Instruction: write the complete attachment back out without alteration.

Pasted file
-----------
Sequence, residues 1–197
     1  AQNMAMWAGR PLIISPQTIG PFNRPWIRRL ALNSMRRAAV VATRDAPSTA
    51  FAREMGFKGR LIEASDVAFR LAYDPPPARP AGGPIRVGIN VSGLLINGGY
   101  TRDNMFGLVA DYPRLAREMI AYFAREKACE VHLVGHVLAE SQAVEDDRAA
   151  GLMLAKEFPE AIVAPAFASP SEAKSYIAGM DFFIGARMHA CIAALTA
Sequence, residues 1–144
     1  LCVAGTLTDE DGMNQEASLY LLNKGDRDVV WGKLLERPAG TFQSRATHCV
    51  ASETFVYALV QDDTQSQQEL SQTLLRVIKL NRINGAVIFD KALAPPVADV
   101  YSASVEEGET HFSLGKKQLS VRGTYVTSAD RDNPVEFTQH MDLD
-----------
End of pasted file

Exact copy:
Sequence, residues 1–197
     1  AQNMAMWAGR PLIISPQTIG PFNRPWIRRL ALNSMRRAAV VATRDAPSTA
    51  FAREMGFKGR LIEASDVAFR LAYDPPPARP AGGPIRVGIN VSGLLINGGY
   101  TRDNMFGLVA DYPRLAREMI AYFAREKACE VHLVGHVLAE SQAVEDDRAA
   151  GLMLAKEFPE AIVAPAFASP SEAKSYIAGM DFFIGARMHA CIAALTA
Sequence, residues 1–144
     1  LCVAGTLTDE DGMNQEASLY LLNKGDRDVV WGKLLERPAG TFQSRATHCV
    51  ASETFVYALV QDDTQSQQEL SQTLLRVIKL NRINGAVIFD KALAPPVADV
   101  YSASVEEGET HFSLGKKQLS VRGTYVTSAD RDNPVEFTQH MDLD